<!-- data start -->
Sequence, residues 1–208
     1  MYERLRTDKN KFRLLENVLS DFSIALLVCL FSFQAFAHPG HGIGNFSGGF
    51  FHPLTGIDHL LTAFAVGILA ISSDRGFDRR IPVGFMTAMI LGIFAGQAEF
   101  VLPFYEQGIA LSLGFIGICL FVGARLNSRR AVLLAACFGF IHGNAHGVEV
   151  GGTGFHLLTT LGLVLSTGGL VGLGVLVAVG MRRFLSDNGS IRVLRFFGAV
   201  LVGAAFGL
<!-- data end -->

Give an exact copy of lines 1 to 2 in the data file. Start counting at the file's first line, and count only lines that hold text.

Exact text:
Sequence, residues 1–208
     1  MYERLRTDKN KFRLLENVLS DFSIALLVCL FSFQAFAHPG HGIGNFSGGF